9. Based on the findings of the pilot scheme at North Point Police Station, staff's attitude has been identified as one of the major areas for the longer term and strategic improvement. Taking account of the basic customer training provided to the Police officers working at North Point Police Station, further training will be designed and incorporated into the standard Force training programme to improve the manner and response of officers to meet different customer needs.

Procedures and training for handling reports from the public

10. When receiving a report from the public, the Police officer concerned would firstly examine and determine whether it discloses a crime. If a Duty Officer of the report room is satisfied that a crime has occurred, the report will be entered in the computer system and be referred to the Crime Investigation Team for investigation. If the report does not disclose any crime, e.g. disputes and complaints against other government departments, the case will be recorded in the computer system and necessary assistance or advice would be given where appropriate. The Police officer would also explain the limitation of Police power in that case in details. The procedures are set out in the Force Procedure Manual which also contain a list of crimes for Police officers' reference.

11. All Police officers are required to study Criminal Law which constitutes a significant portion of the basic training syllabus. On graduation, officers should be able to distinguish whether or not an allegation or incident is criminal in nature. In addition, the Duty Officer of a report room is normally an experienced Station Sergeant who should be able to determine if a report is criminal in nature. If he/she has any doubt, he/she will refer the case to the Crime Investigation Team on duty. Again, if a Crime officer is not sure as to the classification of a case, he/she will consult his/her Assistance Divisional Commander (Crime) who is at Chief Inspector level. For serious or complicated cases, the advice of the Department of Justice will also be sought if in doubt.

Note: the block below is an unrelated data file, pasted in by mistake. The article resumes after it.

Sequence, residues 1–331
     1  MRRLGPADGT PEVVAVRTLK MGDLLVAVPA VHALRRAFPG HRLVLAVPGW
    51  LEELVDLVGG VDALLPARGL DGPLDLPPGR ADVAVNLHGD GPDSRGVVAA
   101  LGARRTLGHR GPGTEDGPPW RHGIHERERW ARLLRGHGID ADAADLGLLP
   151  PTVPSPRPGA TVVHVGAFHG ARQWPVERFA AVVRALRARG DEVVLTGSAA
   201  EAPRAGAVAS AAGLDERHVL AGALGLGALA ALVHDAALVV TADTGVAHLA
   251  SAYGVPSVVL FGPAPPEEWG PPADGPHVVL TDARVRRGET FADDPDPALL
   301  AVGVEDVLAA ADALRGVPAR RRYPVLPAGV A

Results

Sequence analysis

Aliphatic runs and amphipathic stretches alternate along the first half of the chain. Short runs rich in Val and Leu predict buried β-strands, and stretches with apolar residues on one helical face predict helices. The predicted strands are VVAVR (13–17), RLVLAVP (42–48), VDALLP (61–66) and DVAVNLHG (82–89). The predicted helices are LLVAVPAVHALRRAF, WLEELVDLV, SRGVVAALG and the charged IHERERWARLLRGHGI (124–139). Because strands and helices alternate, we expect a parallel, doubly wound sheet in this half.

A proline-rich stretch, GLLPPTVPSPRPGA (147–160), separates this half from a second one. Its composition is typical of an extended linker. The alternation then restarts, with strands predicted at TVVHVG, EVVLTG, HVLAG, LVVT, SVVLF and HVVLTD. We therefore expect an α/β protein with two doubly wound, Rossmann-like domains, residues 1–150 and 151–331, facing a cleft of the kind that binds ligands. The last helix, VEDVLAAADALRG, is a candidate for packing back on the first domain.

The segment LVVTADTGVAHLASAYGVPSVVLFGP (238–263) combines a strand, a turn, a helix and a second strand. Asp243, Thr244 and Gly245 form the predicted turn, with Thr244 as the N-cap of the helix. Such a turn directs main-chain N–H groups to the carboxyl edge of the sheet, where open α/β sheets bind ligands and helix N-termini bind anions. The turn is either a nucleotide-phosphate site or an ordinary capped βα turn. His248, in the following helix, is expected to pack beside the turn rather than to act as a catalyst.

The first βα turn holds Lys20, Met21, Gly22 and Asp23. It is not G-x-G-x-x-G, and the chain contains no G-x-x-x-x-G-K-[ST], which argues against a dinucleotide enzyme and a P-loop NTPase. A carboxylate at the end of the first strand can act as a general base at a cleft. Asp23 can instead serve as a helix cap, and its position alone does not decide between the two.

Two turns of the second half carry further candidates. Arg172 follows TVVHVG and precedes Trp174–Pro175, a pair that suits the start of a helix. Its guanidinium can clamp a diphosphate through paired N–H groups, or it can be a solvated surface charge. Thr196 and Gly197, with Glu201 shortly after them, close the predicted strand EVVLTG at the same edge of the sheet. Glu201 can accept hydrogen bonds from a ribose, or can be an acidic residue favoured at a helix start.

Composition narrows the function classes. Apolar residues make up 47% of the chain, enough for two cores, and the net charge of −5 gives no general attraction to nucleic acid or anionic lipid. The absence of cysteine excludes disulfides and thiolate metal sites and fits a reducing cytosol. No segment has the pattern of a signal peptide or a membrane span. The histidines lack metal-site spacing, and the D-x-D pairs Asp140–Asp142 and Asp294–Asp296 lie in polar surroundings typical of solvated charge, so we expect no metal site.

12. As regards disputes between landlords and tenants, the Police would act according to the Landlord and Tenant (Consolidation) Ordinance which provides protection for a tenant subject to harassment by his landlord attempting to induce the tenant to prematurely terminate his/her occupancy of premises against his/her will. In other words, it is an offence for a landlord to unlawfully deprive a tenant of his/her occupation of premises, or of his/her rights to parts of the premises. Such harassment includes any act which interferes with the tenant's peace and comfort, or the withdrawal of services, such as water or electricity, reasonably required for the occupation of premises. Internal orders have been issued to explain the law and how such dispute cases should be processed. If the Duty Officer is satisfied that a criminal offence has been committed, the case will be referred to the Crime Investigation Team for further investigation. On the contrary, if no criminal offence is disclosed, the case will be referred to the Commissioner for Rating and Evaluation for information or mediation.

13. In addition, the Police have taken a very serious view on the increasing debt collecting malpractice. A new internal order has been recently introduced to deal with such complaints. Like other cases, where allegations of a criminal nature are suggested, the cases would be referred to the Crime Investigation Team for investigation immediately. Where the nature and circumstances of a case requires, the case will be taken over by a higher level of investigation units. If it is established that the debt collecting is an organized crime , reporting and investigation procedures laid down in accordance with the Organized and Serious Crime Ordinance will be followed. Even if a case is classified as "No Offence Disclosed" or "Nuisance Only", the case will be monitored until such time that there is a satisfactory conclusion to the investigation or there is an end to the nuisance and harassment. In addition, all possible steps would be taken to assure victims and witnesses of their confidentiality, well-being and safety.

Security Bureau
February 1999